Re: “Falling down doesn’t have to equal failure”

In response to Falling down doesn’t have to equal failure, published June, 19, 2009.

“Falling down doesn’t have to equal failure” (June 18 edition of The Uniter). Right, it doesn’t. I’m not certain why this article assert that “failing grades” and “high standards” are necessarily connected to student success, as it provides very little evidence of either. In fact, there is ample research to the contrary about what motivates students and where real learning takes place. Educational theorists like John Dewey, Alfie Kohn, Paulo Freire stress the idea that schools and education need to be regulated and centred around what students need to know, what they are interested in and what makes sense given their context.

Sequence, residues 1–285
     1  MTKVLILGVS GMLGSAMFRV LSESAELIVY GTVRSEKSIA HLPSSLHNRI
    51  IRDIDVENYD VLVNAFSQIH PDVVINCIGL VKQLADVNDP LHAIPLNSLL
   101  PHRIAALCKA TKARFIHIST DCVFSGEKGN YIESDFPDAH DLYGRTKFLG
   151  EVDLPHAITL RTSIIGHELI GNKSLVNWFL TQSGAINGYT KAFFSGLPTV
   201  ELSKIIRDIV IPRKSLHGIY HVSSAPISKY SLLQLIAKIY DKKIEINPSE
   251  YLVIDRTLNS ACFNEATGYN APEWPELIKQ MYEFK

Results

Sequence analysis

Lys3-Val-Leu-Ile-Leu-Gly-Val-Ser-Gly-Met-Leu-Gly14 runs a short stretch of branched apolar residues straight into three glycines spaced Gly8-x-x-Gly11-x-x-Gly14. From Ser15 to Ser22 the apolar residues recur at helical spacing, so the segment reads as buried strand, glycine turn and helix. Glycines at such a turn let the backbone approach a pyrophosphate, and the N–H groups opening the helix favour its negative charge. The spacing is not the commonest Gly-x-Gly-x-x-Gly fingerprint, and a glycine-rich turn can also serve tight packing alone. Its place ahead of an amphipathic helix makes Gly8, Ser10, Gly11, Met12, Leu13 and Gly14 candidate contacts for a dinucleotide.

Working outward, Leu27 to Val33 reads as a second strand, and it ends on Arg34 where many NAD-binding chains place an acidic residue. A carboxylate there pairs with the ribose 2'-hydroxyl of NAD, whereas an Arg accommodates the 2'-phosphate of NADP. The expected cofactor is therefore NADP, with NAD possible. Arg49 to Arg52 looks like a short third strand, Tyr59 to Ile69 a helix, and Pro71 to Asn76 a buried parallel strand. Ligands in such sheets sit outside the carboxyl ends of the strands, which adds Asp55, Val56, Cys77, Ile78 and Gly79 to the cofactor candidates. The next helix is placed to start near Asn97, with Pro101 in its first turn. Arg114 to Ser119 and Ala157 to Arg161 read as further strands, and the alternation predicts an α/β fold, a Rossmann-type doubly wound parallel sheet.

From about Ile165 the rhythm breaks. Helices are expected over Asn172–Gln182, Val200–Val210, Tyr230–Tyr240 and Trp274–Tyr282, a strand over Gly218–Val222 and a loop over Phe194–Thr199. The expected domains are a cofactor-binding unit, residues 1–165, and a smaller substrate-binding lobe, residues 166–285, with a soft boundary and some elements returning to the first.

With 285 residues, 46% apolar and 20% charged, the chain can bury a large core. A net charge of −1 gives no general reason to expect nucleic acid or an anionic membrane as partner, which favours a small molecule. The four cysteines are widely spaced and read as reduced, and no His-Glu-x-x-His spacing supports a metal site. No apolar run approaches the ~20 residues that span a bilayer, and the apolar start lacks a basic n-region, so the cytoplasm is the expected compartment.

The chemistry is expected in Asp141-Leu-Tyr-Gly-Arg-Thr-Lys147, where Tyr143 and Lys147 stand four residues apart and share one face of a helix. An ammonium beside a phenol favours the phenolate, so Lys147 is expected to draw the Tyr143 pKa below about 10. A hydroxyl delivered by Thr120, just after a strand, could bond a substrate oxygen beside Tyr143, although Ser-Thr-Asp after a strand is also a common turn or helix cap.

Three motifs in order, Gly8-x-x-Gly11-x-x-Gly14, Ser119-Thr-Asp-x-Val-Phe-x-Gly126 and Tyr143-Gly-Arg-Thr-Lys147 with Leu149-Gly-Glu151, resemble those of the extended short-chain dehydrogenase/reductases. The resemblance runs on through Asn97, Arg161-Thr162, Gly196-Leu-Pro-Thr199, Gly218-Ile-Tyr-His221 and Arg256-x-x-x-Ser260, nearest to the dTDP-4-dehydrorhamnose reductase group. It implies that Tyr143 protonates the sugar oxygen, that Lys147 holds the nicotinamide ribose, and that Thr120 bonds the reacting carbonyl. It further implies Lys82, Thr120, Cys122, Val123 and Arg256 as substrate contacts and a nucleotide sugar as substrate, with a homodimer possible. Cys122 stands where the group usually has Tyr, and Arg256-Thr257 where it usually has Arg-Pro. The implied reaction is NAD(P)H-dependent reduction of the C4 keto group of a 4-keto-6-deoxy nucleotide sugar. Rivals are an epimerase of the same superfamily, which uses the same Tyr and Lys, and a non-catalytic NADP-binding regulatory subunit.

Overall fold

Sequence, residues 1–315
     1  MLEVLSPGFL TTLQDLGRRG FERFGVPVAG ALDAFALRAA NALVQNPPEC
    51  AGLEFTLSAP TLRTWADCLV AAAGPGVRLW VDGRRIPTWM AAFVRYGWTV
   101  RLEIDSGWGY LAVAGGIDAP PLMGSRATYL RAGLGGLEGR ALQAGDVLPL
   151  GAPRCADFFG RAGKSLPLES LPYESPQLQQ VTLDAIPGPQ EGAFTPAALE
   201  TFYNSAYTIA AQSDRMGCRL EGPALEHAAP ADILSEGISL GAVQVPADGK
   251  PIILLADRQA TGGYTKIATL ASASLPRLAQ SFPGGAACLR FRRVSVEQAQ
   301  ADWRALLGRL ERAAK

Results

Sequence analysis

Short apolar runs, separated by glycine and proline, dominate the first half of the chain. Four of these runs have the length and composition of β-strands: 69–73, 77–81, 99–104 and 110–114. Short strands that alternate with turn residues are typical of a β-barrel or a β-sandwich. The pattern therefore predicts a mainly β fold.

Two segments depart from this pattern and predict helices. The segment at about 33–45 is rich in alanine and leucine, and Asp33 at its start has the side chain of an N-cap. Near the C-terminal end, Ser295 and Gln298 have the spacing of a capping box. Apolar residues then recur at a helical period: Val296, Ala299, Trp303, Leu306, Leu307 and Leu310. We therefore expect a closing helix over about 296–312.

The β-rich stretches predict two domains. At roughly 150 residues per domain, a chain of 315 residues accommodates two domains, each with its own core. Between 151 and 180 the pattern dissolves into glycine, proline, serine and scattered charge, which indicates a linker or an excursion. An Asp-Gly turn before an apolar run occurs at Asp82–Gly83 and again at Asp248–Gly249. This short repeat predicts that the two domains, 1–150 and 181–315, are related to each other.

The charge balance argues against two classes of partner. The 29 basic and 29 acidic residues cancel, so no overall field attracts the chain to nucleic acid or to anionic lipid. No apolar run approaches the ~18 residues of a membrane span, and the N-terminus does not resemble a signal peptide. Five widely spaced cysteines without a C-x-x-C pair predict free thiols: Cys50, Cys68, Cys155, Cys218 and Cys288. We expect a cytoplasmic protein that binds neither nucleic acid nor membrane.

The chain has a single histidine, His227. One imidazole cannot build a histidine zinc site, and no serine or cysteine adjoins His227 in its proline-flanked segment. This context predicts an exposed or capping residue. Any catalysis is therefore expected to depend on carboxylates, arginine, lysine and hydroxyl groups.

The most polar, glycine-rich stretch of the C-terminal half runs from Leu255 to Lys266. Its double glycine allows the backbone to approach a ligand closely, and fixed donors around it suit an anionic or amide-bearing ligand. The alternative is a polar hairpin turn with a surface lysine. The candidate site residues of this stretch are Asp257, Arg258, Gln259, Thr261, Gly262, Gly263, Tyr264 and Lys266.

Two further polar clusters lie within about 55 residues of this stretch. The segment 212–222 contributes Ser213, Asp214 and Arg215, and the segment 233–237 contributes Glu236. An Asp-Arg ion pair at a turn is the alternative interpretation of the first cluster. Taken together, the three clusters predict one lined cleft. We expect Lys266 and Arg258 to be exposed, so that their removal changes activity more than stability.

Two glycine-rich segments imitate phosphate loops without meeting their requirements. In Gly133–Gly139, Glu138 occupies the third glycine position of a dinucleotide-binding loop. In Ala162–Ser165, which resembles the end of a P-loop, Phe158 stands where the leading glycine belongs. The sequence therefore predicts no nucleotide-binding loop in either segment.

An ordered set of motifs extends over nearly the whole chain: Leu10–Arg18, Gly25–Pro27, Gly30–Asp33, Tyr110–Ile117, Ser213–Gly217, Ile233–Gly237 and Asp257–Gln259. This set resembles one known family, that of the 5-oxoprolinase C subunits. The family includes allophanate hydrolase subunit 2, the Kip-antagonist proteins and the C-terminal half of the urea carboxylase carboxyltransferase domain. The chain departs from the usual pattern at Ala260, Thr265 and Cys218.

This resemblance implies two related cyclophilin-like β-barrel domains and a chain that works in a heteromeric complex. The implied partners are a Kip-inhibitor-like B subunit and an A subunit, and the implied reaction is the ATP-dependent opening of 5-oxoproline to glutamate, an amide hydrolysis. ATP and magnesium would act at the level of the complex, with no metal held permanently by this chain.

Extrinsic motivation may work well when you are trying to train your labradoodle, but with children and young adults it is destined to fail.

Furthermore, punishment and rewards are simply a form of manipulation and in this standards obsessed education environment what we mean by success is often a code word for compliance. If we really want to prepare youth to be successful and meet the challenges of a complex and ever changing world we will encourage them to be self sufficient and self motivated, skilled in taking part in policy making, and critical and active democratic citizens, not peons reliant on As or Fs to act.

– Cara Zurzolo

Published in Volume 63, Number 29 of The Uniter (July 16, 2009)